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How A3Sec Embeds InfluxDB into Their Monitoring Solution to Provide Customers with Real-Time Analytics
Webinar Date: 2020-09-22 08:00:00 (Pacific Time)
A3Sec is a technology company whose solution provides its customers with better cybersecurity, monitoring and business intelligence. WOCU Monitoring, A3Sec’s unified infrastructure monitoring product, is powered by InfluxDB. Their customers include national courier services, power and utilities companies and large telecommunications. As subject matter experts in big data analysis, they help accelerate businesses by empowering better decision-making. Discover how A3Sec’s WOCU solution enables simple scalable network and infrastructure monitoring, which equips customers to become data-driven.
In this webinar, Alba Ferri Fitó will dive into:
- A3Sec’s approach to monitoring by integrating open-source technologies
- WOCU Monitoring’s competitive advantage within the industry
- How a time series database strengthens their monitoring solution
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Here is an unedited transcript of the webinar “How A3Sec Embeds InfluxDB into Their Monitoring Solution to Provide Customers with Real-Time Analytics”. This is provided for those who prefer to read than watch the webinar. Please note that the transcript is raw. We apologize for any transcribing errors.
- Caitlin Croft: Customer Marketing Manager, InfluxData
- Alba Ferri Fitó: WOCU Product Manager, A3Sec
Caitlin Croft: 00:00:04.465 Welcome, everyone, to today’s webinar. My name is Caitlin Croft. I am super excited to have Alba here from A3Sec. She is the WOCU product manager, and she’ll be discussing how A3Sec has implemented InfluxDB into their monitoring solution. Please feel free to put any questions you may have for Alba throughout the webinar either in the chat or the Q&A. I will be monitoring both. And without further ado, I’m going to hand it off to Alba.
Alba Ferri Fitó: 00:00:40.610 Hi. Thank you, Caitlin, for your warm presentation. And good morning, good afternoon, and good evening, everyone. So welcome to our webinar. I’ve got to say that I’m super excited to be here, and it’s really a pleasure to be part of your webinar series. Okay. So first, let me introduce myself. Hi, I’m Alba Ferri, and I’m the product manager for WOCU, as you said. I’m focused on marketing and sales by designing the different resources we use to increase our product visibility and adoption like blogs and e-books, presentations, training materials, or webinars like this one. I also help customers discover the value of WOCU and create a vision of how it can be used to solve their problems and help them see how they can get the most out of WOCU. I’m currently working from home as many of you, I guess, with this pandemic situation, but I’m based in Madrid, Spain. I joined A3Sec three years ago when WOCU was just a toddler. And I’ve got to say that this has been a very interesting time in my career so far, getting to know how our product is built almost from scratch. I’ve been working in monitoring for the last six years in different telecommunication enterprises. And I like to define myself as a very curious person. I’m always wanting to understand why things happen. And I guess this mindset fits pretty well with our monitoring field where you’re always looking what happened to your devices, when and why it really happened, and what was the real root cause.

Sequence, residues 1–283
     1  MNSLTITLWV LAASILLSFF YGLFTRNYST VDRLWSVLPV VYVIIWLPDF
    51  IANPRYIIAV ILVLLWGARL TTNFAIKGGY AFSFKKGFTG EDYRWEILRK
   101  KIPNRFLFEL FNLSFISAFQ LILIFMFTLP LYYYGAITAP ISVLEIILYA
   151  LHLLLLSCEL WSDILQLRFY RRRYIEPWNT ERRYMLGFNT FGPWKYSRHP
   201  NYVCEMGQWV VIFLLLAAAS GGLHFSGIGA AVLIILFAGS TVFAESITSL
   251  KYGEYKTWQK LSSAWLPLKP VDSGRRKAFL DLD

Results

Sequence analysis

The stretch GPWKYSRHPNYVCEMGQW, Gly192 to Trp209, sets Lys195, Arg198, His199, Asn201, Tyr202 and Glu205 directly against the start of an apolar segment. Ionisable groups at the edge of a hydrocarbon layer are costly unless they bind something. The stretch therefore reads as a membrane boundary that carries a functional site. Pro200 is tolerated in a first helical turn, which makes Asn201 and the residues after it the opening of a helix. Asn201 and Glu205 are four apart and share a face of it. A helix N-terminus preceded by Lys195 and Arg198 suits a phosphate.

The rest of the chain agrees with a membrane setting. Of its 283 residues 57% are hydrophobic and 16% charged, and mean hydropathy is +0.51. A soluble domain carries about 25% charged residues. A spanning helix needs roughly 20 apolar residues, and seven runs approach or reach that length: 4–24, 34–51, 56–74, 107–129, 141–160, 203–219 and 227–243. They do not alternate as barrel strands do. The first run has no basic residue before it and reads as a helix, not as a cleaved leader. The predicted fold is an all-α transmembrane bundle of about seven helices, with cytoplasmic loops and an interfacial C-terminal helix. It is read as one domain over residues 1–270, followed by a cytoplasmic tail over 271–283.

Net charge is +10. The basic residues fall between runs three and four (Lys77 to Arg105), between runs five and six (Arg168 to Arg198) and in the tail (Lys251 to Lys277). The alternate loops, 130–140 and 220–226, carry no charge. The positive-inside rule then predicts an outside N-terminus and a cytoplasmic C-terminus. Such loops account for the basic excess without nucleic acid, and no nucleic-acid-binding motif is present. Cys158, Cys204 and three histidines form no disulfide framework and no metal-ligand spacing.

Alba Ferri Fitó: 00:02:39.572 Okay. So now that you know a little bit more about me, let’s head to the agenda. And in this webinar, I’ll be talking about A3Sec’s approach to monitoring by integrating open-source technologies. The second point is going to be WOCU monitoring’s competitive advantage within the industry, and of course how a time series database strengthens our monitoring solution. Okay. So let’s start. I would like to start telling you a little bit about the company that is behind web monitoring, A3Sec. I think having some history about the foundation of A3Sec will help you understand why we ended up creating such solution like WOCU. A3Sec is a spinoff of AlienVault, a Spanish threat intelligence company that was actually acquired by AT&T two years ago. And they had this product called OSSIM, which was an open-source SIEM that was very well known and used by the open-source security community. And, well, those of you who didn’t know about OSSIM, I’ll tell you that it was made up from different open-source integrations like Snort, [inaudible], or Nagios. So A3Sec was founded to provide professional services to AlienVault’s hosting platform for LATAM, basically, for Latin America.